2 segments to be transmitted (since there is already 1 outstanding
      segment in the network).  However, as shown by the last 7 lines of
      the trace, cwnd is not reduced, causing a line-rate burst of 7 new
      segments.

   Trace file demonstrating correct behavior
      The trace would appear identical to the one above, only it would
      stop after the line marked "***", because at this point host A
      would correctly reduce cwnd after recovery, allowing only 2
      segments to be transmitted, rather than producing a burst of 7
      segments.

   References
      This problem is documented and the performance implications
      analyzed in [Brakmo95].

   How to detect
      Failure of window deflation after loss recovery can be found by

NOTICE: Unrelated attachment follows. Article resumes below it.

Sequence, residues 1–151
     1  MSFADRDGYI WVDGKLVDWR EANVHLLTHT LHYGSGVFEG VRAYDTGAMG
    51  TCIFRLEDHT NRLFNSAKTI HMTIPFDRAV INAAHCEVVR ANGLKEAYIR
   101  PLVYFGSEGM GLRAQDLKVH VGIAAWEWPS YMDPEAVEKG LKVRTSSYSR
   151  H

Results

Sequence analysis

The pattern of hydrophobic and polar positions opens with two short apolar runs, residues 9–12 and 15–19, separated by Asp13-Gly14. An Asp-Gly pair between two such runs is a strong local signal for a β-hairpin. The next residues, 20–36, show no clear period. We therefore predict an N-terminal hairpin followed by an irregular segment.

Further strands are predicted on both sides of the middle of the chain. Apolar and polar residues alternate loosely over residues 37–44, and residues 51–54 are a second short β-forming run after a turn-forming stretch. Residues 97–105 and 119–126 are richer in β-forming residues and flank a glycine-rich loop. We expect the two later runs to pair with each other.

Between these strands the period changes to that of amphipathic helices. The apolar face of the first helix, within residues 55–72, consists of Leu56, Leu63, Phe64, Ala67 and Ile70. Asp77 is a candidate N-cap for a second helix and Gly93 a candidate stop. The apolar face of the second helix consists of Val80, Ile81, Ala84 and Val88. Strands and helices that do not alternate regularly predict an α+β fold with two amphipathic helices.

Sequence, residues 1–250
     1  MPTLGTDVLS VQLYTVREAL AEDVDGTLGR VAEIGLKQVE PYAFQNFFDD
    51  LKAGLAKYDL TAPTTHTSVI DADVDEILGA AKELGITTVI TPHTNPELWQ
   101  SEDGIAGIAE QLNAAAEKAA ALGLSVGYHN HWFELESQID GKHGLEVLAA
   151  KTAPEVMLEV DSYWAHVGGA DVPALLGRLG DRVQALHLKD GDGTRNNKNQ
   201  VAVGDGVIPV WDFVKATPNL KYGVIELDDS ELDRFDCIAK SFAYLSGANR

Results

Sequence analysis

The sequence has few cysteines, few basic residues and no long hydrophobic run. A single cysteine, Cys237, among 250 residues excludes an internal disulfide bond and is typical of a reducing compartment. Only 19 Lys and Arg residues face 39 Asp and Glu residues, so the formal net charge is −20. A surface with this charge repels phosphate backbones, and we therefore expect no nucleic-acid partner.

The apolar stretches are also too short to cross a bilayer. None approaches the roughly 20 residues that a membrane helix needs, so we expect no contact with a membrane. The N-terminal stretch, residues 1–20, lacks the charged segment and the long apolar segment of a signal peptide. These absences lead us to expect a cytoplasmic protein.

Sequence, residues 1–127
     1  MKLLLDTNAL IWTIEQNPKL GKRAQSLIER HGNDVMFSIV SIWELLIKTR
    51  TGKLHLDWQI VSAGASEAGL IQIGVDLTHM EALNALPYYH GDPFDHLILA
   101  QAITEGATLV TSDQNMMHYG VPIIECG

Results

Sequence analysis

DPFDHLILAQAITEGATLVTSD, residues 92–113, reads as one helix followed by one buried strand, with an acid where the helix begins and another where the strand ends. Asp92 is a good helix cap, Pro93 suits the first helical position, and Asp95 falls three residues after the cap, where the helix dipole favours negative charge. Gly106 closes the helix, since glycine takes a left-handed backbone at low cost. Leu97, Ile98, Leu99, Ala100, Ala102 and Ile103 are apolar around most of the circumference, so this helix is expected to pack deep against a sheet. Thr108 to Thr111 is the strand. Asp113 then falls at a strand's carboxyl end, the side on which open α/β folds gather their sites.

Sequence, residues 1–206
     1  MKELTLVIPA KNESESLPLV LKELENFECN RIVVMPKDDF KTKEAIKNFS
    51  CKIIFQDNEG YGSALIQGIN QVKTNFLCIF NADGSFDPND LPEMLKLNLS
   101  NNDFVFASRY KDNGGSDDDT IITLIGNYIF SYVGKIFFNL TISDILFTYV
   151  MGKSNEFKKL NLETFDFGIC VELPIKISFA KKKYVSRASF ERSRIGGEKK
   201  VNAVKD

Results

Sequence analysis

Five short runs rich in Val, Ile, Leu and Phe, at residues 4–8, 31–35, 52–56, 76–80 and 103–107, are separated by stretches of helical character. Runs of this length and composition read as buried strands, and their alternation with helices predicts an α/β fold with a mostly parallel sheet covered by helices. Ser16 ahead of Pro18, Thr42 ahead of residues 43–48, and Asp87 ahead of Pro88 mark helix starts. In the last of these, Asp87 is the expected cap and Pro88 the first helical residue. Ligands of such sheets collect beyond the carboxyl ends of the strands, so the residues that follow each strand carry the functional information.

examining sender-side packet traces recorded during periods of
      moderate loss (so cwnd can grow large enough to allow for fast
      recovery when loss occurs).

   How to fix
      When this bug is caused by incorrect header prediction, the fix is
      to add a predicate to the header prediction test that checks to
      see whether cwnd is inflated; if so, the header prediction test
      fails and the usual ACK processing occurs, which (in this case)
      takes care to deflate the window.  See [Brakmo95] for details.

2.9.

   Name of Problem
      Excessively short keepalive connection timeout

Top      Up      ToC       Page 29 
   Classification
      Reliability

   Description
      Keep-alive is a mechanism for checking whether an idle connection